Citing Homeless Infusion, Lancaster Officials Move to Shutter Metrolink Station

A sheriff's deputy checks tickets outside an L.A.-bound train in Lancaster. When told the city may close the station, he expressed surprise and said he doesn't see many who appear to be homeless. (Steven Cuevas/KQED)

The Antelope Valley, about an hour and a half north of Los Angeles, is home to roughly 12 percent of the county’s homeless population. Officials from the city of Lancaster claim that number grows by the day because of an alleged migration of train-hopping homeless people.

To curb this apparent surge of homelessness, the city aims to shutter the sole commuter train station linking Lancaster to L.A.

On a recent weekday morning in Lancaster, about two dozen young people, senior citizens and neatly dressed professionals disembark from one of just two trains that arrive from Los Angeles each morning.

According to Lancaster’s chief of public safety, Lee D’Errico, Metrolink commuter trains also ferry dozens of homeless people a week to the city. His office recently conducted a three-day homeless survey.


“And on one particular day we counted and contacted over 67 individuals that were coming here for transitory services being provided,” said D’Errico during a presentation to the City Council last month. “And they indicated to us that the train was their main mechanism for moving throughout communities to obtain those services.”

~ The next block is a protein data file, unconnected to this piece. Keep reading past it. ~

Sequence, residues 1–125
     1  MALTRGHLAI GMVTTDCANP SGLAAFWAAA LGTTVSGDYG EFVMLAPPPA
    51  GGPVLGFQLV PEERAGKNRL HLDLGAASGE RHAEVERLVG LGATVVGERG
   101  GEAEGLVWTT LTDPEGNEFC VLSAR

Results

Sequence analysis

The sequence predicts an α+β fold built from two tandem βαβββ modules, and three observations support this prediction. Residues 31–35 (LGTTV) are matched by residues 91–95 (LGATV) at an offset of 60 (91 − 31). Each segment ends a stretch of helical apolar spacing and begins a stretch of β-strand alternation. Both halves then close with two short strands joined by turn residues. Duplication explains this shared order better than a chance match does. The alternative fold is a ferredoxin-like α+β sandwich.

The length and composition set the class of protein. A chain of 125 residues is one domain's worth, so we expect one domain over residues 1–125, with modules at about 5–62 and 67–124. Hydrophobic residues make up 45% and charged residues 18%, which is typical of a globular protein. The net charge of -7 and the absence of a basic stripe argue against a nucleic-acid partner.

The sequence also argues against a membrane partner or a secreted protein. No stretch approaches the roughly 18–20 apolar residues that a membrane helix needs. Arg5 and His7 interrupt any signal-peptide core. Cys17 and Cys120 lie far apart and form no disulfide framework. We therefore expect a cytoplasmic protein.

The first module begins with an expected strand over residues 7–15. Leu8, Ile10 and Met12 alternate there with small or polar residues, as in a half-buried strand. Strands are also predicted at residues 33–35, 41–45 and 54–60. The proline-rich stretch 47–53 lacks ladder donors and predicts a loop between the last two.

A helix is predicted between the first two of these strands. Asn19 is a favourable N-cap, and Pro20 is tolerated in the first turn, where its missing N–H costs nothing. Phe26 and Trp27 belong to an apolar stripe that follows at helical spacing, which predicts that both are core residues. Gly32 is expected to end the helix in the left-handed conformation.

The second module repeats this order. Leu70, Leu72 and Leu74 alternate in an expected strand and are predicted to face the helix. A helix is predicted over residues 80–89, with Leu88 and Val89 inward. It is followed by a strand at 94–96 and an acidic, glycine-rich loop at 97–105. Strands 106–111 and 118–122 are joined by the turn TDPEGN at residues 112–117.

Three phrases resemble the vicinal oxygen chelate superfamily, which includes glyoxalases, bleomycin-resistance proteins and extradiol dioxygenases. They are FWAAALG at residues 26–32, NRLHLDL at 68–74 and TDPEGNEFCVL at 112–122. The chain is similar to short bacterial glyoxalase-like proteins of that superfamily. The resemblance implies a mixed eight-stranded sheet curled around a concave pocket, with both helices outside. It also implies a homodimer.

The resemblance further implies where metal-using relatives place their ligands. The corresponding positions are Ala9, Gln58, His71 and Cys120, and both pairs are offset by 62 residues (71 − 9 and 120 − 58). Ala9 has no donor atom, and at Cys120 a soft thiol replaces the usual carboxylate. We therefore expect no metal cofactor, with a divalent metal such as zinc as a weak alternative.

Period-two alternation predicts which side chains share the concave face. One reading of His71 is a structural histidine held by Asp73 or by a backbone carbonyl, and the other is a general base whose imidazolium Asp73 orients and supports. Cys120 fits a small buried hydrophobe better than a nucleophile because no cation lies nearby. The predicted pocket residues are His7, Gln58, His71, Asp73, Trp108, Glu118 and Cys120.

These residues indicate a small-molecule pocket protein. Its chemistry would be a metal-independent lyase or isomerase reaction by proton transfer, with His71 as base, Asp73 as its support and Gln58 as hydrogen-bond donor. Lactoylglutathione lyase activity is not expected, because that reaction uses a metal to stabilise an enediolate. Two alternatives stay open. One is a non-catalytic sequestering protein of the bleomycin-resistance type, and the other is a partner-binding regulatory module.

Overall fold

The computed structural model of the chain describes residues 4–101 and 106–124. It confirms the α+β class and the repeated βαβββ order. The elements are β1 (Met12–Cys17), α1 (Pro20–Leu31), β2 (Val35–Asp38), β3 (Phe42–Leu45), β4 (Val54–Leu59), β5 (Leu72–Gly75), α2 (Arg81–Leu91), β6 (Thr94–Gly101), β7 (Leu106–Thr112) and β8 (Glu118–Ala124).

Details of how the study was conducted are unclear, other than it was apparently carried out with the assistance of the L.A. County Sheriff’s Department and a local merchants association.

Numerous city officials reached for this story would not disclose, among other things, how many homeless individuals were contacted in total over the three-day study, what kind of questions were asked or even what specific dates the survey was done.

D’Errico declined several requests for an interview and for data collected in the survey. He referred all inquiries to City Manager Mark Bozigian.

“The purpose (of the survey) was to ascertain general information regarding point of origin and need for services for Metrolink riders arriving at the Lancaster Metrolink station,” said Bozigian in a written response to a series of emailed questions from The California Report.

Bozigian suggested that in fact some individuals counted in the survey might not have actually been homeless or seeking services in Lancaster, only “likely” doing so.

“During one survey day, it was observed that 67 individuals who arrived via Metrolink were likely homeless and/or arriving for the purpose of receiving social services,” said Bozigian.

No written report on the results of the survey was ever submitted to, or apparently requested by, the City Council. Yet it is being cited by Mayor Rex Parris and other officials as justification to either shut down or move the Lancaster Metrolink station about 10 miles to the south.

“It doesn’t take a rocket scientist to figure out 67 homeless people a day being shipped from downtown to us is, uh. I, I mean, isn’t it about time we quit being victims of downtown Los Angeles?” said Parris during an August council meeting.

The Lancaster Metrolink station is used by some 400 L.A.-bound commuters a day, including Dominic Bongiovanni, a Vietnam War veteran with a bushy beard and long silver hair who gets around with the help of a motorized wheelchair.

Bongiovanni uses Metrolink several times a week to get to and from doctor appointments in West L.A. He usually catches the first train out of Lancaster at 3:58 AM to get to those appointments on time.

“Now you wanna move the station somewhere else? I have to hope the buses are running on time and I get that train,” says Bongiovanni.

I ask if he sees many homeless people on his rides back from L.A.